- National Teams
By Pete Simmons
This weekend, I caught up with Kofi Josephs as he worked post-season in France with his long time friend and GB star Myles Hesson. Kofi has just finished his first professional season in Germany with fourth division side, Hertener Loewen.
“It’s been really good to come out and see Myles,” he said. “Our seasons had always clashed with me being in America and him in Europe but [this time] my season finished in April so I was able to come visit.
“I’ve been learning out here what the quality is like and what life is like at this level. It’s been great to interact with his teammates and watch practice. I found that really valuable – analysing how they practice, the intensity with which they play, and their focus. You can see how it translates into games.
“I’ve been able to work out every single day. I’ve been getting feedback and tips of how to improve whilst I’ve been here. It’s been a great experience.”
Kofi started playing aged 12 when he played with the likes of Myles (Hesson), Luke Parker, Josh Rolls-Tyson and Dorian Benjamin in his hometown of Birmingham. 6’6″ Josephs started playing competitively in the South Conference for Solihull before making the move south to Reading Rockets.
“We played against a lot of the southern teams in that league like Westminster, Kent and Reading.
“I seemed to play really well against the Rockets. They wanted to try and win the whole competition, so I ended up going there. One of the key factors was that it had a good reputation for developing players. That’s what I went there to do. We had a good year and made the final.
“I went to play in the AAU Summer Showcase where there were a lot of college and high school coaches. I played really well and got a scholarship to Arlington Country Day which was an ESPN top 15 school.
“It was a big adjustment at first as we had a really good team. I had to adjust my game, my mentality. The challenges are different being away from home for the first time. I settled and all twelve of the team went on to play in Division 1.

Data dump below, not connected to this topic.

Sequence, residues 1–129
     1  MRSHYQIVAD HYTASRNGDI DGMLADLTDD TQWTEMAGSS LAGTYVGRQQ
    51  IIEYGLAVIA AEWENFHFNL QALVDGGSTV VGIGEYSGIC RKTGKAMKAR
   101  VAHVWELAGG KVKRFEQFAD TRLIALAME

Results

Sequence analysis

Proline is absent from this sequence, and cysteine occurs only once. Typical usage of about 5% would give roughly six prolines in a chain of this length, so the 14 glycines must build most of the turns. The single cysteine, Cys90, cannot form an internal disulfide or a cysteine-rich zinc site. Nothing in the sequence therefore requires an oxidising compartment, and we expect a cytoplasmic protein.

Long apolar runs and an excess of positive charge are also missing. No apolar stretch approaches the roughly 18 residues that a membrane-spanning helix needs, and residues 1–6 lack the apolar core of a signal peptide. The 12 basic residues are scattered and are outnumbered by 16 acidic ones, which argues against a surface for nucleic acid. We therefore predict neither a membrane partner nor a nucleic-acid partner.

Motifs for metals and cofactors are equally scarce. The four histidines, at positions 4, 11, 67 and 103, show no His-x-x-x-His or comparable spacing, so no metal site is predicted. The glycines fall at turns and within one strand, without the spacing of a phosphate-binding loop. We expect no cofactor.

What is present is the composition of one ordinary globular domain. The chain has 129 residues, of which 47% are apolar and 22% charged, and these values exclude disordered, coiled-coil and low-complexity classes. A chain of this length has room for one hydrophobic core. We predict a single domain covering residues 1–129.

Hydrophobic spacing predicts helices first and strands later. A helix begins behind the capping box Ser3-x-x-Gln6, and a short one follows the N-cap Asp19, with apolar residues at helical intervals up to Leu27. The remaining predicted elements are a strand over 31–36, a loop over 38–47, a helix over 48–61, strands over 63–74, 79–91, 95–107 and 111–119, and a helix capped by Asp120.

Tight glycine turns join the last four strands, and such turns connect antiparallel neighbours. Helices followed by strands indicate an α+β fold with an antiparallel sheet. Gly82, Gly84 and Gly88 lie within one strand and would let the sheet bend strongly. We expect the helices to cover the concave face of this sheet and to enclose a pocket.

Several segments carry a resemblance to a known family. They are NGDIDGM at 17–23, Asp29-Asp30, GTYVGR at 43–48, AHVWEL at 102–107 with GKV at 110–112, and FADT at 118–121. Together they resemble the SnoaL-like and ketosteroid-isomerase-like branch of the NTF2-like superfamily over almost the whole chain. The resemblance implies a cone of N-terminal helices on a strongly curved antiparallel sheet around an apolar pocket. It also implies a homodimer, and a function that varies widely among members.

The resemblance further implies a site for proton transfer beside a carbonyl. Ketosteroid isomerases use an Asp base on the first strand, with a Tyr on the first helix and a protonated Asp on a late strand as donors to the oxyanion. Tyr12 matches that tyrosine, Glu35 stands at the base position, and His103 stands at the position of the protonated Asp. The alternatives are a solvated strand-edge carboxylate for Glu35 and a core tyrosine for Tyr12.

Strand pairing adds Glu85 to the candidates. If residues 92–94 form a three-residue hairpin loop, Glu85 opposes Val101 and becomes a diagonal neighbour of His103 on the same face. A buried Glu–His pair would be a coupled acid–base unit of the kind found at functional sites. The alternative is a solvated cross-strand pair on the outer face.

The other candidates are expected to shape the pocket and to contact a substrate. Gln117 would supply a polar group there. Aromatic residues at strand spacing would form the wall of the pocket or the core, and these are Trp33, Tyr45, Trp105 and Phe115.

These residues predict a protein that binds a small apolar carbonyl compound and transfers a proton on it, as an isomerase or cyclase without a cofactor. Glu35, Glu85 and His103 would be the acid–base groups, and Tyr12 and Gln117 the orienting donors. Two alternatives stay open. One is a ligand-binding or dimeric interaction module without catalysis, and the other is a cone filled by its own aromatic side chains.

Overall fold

“I ended up going to Arkansas and from there to Colorado. I loved playing out in America, the style suits my game. When I graduated I got an agent and then played the waiting game. I was working out in the summer, working on aspects of my game to get me ready for my first pro contract.”
Josephs signed for Hertener Loewen back in September, actually on his birthday, it was the perfect fit, but patience would be required.
“At the time I felt it was quite late in the season,” he recalled. “Most of my friends had signed in July and August.
“I was starting to get impatient but when the offer arrived it was the best opportunity for me. The coached explained to me the role that he wanted me to have and it was the perfect step for me.
“The style of basketball in Germany was different, and it took me a little while to adjust to their footwork. To start with I was getting called for a lot of turnovers.
“Their style of play is a lot slower and I felt myself playing too fast. So again, I was having to learn and adjust my game to that.
“Coming in to a new set-up you also have to learn about your teammates and how they play. The different types of players and find your fit.
“It was my coach’s first year as a Head Coach so he was also learning the personalities. He valued our opinions and we had an input into practice sessions. It was a good set-up to be a part of.
“I took a step back. In the first half of the season I wanted to do so well I was thinking too far ahead, about my whole career and what I needed to do.
“But I ended up just really trying to focus on one game at a time. I started to enjoy myself again and it settled things down.
“I was confident in my game and it started to grow as the season went on.”
So much so, that Josephs set a league record 51 points against BBG Herford, beating his own previous record of 49 set in January. The 25-year-old has confidence in his own game and is looking to step up to a higher showcase.
“This summer, I am hoping to reach the GB Men’s team to see what I can do as a shooter. Next season, I want to improve and progress. I feel like I can go up another level and improve again.”